May 18, 2017
The Bangor Daily News published a recent story about a program preparing Nursing students at the University of New England for a growing field in health care. The article, “What’s causing Maine’s community nursing crisis,” featured UNE’s Upstream Practicums in Nursing program, which gives Nursing students the opportunity to train in community health clinics as opposed to a hospital setting.
The Bangor Daily News interviewed Class of 2017 UNE Accelerated Bachelor of Science (ABSN) in Nursing students Josselyn Agura and Courtney Wilson as they worked in Greater Portland Health’s Park Avenue clinic, shadowing physicians and working with patients. They discussed why they are interested in pursuing work in community nursing. “What draws me to the profession and what I want to keep continuing with is developing a relationship that’s trusting and really getting to see the whole picture of each patient, as opposed to just what disease they’re being treated for,” Agura said.
UNE’s Upstream program, which is funded by a federal grant from the Health Resources and Services Administration, partners with Greater Portland Health to provide students with the chance to work in all five of their clinics, which serve a variety of populations including older adults, immigrants, the homeless and low-income families.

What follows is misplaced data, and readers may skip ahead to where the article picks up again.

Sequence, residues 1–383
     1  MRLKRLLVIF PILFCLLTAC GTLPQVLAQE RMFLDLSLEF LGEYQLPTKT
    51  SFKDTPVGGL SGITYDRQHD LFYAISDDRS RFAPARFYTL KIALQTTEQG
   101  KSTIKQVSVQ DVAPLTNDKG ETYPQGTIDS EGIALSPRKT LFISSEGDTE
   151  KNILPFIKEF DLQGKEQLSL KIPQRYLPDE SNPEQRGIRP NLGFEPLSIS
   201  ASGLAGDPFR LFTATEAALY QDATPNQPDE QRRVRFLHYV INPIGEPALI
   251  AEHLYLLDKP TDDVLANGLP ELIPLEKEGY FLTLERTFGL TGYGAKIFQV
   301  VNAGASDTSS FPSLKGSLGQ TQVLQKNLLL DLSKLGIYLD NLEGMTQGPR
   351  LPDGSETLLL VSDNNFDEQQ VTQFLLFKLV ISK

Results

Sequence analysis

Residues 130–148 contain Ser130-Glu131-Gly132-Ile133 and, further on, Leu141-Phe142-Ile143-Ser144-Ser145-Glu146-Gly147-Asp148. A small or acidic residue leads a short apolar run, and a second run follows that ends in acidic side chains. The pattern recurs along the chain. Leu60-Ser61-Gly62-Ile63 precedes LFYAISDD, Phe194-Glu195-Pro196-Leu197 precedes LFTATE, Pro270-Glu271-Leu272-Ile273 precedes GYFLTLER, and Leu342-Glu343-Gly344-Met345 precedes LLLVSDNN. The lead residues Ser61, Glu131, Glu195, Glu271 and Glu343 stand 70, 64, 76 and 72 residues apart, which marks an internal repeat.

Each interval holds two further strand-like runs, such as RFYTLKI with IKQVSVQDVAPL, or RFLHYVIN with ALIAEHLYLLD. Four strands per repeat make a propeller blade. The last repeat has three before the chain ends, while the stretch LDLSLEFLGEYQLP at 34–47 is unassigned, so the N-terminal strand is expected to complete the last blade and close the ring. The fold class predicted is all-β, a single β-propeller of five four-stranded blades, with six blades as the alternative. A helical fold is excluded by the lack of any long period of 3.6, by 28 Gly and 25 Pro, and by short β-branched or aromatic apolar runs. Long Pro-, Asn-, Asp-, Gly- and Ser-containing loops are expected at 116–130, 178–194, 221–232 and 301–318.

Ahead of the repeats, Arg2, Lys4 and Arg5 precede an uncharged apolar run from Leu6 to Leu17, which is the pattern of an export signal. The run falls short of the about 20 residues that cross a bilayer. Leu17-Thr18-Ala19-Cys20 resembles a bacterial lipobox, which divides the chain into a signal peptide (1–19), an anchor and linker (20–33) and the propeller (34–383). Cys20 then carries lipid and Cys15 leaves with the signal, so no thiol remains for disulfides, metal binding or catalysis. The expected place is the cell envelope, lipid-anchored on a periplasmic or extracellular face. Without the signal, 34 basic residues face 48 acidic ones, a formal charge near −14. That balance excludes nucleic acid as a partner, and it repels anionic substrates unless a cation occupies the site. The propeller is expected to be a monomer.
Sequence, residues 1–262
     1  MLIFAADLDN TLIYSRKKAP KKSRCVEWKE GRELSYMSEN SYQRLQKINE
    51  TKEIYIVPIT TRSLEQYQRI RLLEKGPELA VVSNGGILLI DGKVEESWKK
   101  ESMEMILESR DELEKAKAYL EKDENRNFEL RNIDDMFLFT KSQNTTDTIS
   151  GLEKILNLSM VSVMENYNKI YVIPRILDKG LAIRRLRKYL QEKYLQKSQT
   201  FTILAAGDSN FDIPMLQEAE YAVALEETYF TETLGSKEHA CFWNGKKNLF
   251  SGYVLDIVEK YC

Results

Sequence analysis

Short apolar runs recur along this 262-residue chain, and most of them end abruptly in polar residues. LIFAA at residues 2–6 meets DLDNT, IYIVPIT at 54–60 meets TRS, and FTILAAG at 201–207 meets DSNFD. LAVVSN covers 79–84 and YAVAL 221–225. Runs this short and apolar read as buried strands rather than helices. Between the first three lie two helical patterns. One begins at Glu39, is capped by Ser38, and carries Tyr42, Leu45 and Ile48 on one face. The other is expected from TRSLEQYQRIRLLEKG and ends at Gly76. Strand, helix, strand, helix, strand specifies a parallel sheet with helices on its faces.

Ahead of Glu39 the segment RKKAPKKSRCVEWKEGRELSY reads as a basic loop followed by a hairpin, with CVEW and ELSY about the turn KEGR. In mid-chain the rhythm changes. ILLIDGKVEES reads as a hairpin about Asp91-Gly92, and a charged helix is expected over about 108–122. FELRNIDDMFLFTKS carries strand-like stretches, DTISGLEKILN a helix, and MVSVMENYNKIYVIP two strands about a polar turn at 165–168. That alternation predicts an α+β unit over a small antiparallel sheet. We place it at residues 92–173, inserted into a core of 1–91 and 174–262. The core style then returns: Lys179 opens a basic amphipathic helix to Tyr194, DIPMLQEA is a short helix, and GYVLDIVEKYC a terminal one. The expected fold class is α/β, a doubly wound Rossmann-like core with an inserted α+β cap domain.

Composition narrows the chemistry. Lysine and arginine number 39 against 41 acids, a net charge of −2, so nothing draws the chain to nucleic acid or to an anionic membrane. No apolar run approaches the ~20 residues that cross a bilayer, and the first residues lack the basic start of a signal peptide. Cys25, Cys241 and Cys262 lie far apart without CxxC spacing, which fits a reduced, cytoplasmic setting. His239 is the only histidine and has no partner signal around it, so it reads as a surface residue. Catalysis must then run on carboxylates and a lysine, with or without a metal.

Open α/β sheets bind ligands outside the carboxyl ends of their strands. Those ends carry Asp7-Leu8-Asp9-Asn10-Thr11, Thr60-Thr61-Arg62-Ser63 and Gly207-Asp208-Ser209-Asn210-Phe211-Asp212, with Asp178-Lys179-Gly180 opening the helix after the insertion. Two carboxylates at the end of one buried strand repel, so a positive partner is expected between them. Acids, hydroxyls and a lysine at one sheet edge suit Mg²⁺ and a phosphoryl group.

The article detailed the need for more community-based nurses, as more patients require care outside of a hospital setting. It’s part of a larger nursing shortage in Maine, with recent estimates predicting a critical shortage by 2025. In the article, the students explained how UNE has prepared them for the challenges of the industry, including stress management and learning the most affective ways to learn on the job.
Professions visit www.une.edu/wchp
To apply, visit www.une.edu/admissions